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Indigenous youth spark interest at Fort McMurray welding camp

How’s this for a summer camp? Instead of sunglasses and swim trunks at the lake, there’s safety goggles, overalls and fountains of molten sparks.

'Students don't get as many opportunities to do this,' says welding camp instructor

Tryston Morin tests his new skills at Fort McMurray's welding camp. (David Thurton/ CBC)

How's this for a summer camp? Instead of sunglasses and swim trunks at the lake, there's safety goggles, overalls and fountains of molten sparks.

Fort McMurray's Keyano College is hosting a four-day welding camp this summer for students from First Nations and Métis communities around the Wood Buffalo region.

Randy Chernipeski, who is with the Northland School Division and assisting with the camps, said the program is a special summer experience for most youth.

"Students don't get as many opportunities to do this," Chernipeski said. "It's probably easier to get an opportunity in this part of the world — especially in Northern Alberta — to do the camping and canoeing thing, whereas this is something out of the ordinary."

The Canadian Welding Association Foundation helps put on the summer camp that this week welcomed 19 students from the nearby communities of Fort McKay and Janvier, Alta.

These two camp attendees are inspecting one of their first projects. (David Thurton/ CBC)

The program lasts five days and the youth learn welding basics. Students are introduced to safety practices, welding symbols, various welding techniques and how they can get their foot in the door to a welding career.

They also get to spark up and melt some metal.

On Tuesday, day two of the camp, students were already using torches and stick welders to make sticks to roast sausages on later.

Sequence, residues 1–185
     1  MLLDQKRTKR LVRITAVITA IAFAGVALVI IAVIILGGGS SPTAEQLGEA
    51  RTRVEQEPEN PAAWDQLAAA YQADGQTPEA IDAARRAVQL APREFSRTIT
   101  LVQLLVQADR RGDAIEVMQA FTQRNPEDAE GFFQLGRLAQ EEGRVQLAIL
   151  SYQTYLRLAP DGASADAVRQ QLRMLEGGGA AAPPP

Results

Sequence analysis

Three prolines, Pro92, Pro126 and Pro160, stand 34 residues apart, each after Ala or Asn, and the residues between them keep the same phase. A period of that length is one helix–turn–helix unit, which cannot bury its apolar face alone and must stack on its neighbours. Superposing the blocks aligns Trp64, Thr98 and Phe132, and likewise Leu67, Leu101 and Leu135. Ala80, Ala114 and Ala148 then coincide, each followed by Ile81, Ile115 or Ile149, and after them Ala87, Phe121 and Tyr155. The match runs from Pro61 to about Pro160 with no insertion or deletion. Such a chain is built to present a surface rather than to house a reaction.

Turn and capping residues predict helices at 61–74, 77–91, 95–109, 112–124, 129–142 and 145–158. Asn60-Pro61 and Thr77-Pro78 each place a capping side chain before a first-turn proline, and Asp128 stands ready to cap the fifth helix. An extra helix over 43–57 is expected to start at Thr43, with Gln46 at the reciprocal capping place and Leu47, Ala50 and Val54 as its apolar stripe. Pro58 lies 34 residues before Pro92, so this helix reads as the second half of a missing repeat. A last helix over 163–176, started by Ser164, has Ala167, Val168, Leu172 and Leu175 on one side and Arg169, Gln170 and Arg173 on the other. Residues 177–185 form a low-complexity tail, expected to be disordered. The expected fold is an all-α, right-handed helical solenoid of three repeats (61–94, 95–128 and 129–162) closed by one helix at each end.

'Always been interested in more hands-on things'

Tryston Morin, 13, said he chose the program over photography camp and thought it was neat the trade opens doors to underwater welding.

"It pays a lot," Morin said.

Fourteen students took part in the welding camp this year at Fort McMurray's Keyano College. (David Thurton/ CBC)

Autumn Bent, 15, said she's contemplating a career in either welding or as a mechanic.

"I've just always been interested in more hands-on things to do rather than sitting back, relaxing in a job," Bent said.

Same thing for Caleb Lacorde, 15.

"I don't want to sit all day. Sitting in a room, you won't do anything," Lacorde said. "And if you are not doing anything you will lose focus and it will get you fired."

Caleb Lacorde, 15, prepares to shape the handle of his wiener-roasting stick at welding camp in Fort McMurray. (David Thurton/ CBC)

The program started as a pilot project in Edmonton in 2014 as a way of introducing kids aged 12 to 15 years to the trade. The Fort McMurray camp is one of 35 camps across Canada this year.

Keyano College, TransCanada pipelines, Cenovus, and the Northland School Division are also partners in the program. 

Follow David Thurton, CBC's Fort McMurray correspondent, on FacebookTwitter or contact him via email.

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